One familiar sf scenario is a decades-long interstellar voyage with passengers in suspended animation tended either by robots or by a rotating crew. In one of the chronologically confusing chapter-long flashbacks of Use of Weapons (London, 2013), Iain M Banks relocates his protagonist, Zakalwe, as a passenger and temporary crew member on such a voyage. This is another interesting change of scene but I am having trouble pulling the whole narrative together.

Another crew member tells Zakalwe a story. Because his people discussed the question of the soul so much, a philosopher king ordered a global debate after which he withdrew to think, then published two books, one endlessly repeating, "Souls do exist. Souls do not exist," the other endlessly repeating, "Souls do not exist. Souls do exist." (p. 356)

This might be considered either amusing or profound but I saw it as both wasteful and insulting to religious believers, philosophers and psychologists. Banks could better have spent those two pages summarizing the history of the subject, starting with people inferring a soul from the experience of apparently leaving the body while dreaming. I commend the Buddhist anatta teaching but am interested to hear reasoned expressions of other theories or beliefs.

Winning A War

In Use Of Weapons, it is a thing of beauty when Zakalwe takes charge of a war run by incompetents and turns it around. A province with a dozen important religious sites is about to fall. Defending the province will only get the sites damaged or destroyed whereas surrendering the province now means that they will be regained intact with much new treasure when the war is won.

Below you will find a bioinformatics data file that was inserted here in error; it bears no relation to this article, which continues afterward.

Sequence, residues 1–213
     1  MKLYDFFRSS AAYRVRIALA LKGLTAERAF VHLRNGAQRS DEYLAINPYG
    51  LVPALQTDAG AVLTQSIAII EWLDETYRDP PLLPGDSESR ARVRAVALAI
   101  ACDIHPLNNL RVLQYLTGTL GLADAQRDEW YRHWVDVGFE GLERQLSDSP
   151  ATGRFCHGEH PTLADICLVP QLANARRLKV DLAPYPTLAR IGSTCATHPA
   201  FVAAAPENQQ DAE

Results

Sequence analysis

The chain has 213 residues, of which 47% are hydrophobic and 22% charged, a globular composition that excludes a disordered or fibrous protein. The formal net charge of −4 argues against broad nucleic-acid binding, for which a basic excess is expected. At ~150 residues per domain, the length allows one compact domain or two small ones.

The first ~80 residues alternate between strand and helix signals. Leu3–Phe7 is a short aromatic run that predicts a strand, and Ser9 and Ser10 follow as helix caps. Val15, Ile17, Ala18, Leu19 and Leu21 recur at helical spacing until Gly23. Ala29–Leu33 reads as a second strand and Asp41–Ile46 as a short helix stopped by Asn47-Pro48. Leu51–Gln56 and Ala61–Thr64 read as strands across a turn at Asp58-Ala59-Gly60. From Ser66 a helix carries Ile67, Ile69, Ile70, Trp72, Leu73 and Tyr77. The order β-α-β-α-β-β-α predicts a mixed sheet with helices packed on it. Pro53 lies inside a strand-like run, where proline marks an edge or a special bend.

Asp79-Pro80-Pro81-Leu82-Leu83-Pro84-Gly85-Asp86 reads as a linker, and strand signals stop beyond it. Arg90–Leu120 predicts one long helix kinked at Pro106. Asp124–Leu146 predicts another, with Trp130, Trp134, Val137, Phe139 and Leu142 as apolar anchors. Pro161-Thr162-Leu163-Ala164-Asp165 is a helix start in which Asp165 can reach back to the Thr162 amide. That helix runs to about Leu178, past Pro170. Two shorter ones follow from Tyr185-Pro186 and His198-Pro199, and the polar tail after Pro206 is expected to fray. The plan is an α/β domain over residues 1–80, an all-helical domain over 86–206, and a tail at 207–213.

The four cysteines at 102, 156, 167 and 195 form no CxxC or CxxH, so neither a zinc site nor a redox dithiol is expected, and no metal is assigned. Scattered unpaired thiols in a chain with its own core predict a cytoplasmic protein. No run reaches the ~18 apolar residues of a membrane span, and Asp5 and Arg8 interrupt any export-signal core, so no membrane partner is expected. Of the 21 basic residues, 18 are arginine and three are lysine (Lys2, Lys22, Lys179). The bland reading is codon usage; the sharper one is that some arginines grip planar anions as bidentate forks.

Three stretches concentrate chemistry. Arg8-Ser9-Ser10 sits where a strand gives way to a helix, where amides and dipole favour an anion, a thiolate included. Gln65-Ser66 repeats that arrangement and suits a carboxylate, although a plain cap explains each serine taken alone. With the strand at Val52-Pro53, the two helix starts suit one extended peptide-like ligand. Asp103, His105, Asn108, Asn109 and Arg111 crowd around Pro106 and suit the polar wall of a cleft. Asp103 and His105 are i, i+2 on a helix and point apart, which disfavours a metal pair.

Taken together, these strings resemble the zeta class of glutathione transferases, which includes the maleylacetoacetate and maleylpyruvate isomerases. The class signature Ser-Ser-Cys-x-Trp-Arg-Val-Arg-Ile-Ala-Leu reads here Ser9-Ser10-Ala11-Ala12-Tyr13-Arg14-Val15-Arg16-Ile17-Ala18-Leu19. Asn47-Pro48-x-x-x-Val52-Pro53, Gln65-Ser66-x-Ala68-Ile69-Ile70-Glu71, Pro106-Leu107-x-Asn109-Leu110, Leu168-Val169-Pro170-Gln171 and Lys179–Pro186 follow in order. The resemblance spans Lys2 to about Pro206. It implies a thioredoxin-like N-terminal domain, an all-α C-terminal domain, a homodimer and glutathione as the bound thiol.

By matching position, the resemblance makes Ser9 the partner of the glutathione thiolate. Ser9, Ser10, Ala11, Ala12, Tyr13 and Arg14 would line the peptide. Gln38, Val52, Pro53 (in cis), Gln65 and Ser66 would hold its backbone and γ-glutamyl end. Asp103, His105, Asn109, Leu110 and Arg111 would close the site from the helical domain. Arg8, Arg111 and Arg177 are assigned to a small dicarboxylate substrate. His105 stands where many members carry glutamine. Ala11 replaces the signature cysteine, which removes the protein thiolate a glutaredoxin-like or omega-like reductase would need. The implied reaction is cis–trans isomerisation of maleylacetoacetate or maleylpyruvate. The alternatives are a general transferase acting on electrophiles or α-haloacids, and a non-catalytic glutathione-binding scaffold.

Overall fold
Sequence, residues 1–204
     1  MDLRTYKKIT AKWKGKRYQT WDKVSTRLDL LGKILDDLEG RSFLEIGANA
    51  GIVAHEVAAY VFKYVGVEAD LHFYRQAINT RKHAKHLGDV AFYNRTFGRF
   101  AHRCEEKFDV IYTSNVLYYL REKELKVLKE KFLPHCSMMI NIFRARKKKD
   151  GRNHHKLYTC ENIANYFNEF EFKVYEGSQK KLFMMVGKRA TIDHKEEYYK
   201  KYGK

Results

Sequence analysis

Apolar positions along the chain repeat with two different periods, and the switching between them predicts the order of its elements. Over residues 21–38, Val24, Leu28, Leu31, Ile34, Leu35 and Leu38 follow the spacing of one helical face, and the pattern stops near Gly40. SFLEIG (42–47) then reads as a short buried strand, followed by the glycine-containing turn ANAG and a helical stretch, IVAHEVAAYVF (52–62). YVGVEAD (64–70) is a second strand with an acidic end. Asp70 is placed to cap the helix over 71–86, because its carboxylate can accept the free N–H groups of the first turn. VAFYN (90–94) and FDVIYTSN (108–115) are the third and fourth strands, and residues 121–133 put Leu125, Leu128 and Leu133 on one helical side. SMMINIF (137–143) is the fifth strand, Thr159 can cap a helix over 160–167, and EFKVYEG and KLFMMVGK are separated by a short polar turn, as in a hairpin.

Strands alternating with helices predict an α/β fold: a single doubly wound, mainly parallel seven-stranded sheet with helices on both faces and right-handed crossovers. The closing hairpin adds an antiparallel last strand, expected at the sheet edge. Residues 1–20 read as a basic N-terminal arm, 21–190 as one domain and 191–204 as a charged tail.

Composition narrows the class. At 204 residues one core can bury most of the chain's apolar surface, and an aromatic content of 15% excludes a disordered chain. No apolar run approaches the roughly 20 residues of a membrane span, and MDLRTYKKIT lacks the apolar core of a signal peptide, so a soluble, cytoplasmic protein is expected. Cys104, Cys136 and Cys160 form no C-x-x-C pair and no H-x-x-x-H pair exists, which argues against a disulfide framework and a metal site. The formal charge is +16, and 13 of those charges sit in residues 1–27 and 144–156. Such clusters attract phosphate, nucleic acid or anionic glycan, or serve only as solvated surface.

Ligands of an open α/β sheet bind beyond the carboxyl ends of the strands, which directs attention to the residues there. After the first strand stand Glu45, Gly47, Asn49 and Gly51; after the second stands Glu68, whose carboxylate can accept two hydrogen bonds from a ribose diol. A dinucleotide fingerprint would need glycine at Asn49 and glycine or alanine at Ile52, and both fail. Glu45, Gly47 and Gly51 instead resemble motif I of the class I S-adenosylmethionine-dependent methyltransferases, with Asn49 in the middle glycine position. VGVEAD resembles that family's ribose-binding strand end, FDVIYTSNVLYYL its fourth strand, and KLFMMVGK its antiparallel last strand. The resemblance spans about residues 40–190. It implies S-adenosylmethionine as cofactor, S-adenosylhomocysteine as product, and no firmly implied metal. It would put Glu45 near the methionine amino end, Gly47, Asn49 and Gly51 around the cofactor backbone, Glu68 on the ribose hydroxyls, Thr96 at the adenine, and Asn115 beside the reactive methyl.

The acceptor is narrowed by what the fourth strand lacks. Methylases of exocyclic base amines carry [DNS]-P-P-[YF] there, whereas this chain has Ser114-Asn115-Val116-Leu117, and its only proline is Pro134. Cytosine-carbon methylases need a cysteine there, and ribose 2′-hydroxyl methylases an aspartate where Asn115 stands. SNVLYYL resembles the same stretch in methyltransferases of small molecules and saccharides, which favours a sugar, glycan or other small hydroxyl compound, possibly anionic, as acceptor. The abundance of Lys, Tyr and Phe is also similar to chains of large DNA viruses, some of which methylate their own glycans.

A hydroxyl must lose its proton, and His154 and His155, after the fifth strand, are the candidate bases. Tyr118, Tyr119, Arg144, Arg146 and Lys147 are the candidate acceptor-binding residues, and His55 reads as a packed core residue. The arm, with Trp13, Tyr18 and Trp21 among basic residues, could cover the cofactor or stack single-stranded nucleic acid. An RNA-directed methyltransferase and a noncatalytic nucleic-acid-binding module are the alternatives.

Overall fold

Surrendering the province will also stretch the enemy's supply lines while the rains start behind them. Enemy commanders will know that the surrendered province is a trap but will be ordered in anyway, which will demoralize them. Also, by stopping the bombardment of roads, Zakalwe ensures that the roads will fill with refugees, slowing enemy troops further. But bombing some bridges and the enemies' oil refineries will make their commanders advance more cautiously even if, as believed, they have great reserves of fuel. In any case, Zakalwe distrusts his side's intelligence about enemy fuel and thinks that the enemy are equally uninformed.

When the enemy Imperial Court and their high command meet, Zakalwe proposes dropping an otherwise defunct and useless spacecraft on them, pretending that it is the first in a series of new missiles, then offering to negotiate with the commoner's parliament while the enemy are riven by civil war.

One man turns everything round - but then is told that larger scale politics require his side to lose.

Sunday, 2 March 2014

The Artificial Intelligence Question In Use Of Weapons

An artificial intelligence addresses a human being:

"'Your brain is made up of matter...organized into information-handling, processing and storage units...'"
- Iain M Banks, Use Of Weapons (London, 2013), p. 279.

The AI lists three factors that have organized the matter of the brain in this way:

genetic inheritance;
experiences since before birth.

The AI asks:

"'An electronic computer is also made up of matter, but organized differently; what is there so magical about the huge, slow cells of the animal brain that they can claim themselves to be conscious...?'" (ibid.)

Nothing magical but we are in fact conscious. Otherwise, we would be unable to "claim" anything. Also, the term, "'...experiences...,'" entails consciousness.

"'...but would deny a more finely-grained device of equivalent power...a similar distinction?'" (ibid.)

Many devices made of organized matter are not conscious. However, if "'...of equivalent power...'" means "...that performs exactly the same functions...," then, yes, this electronic computer is conscious.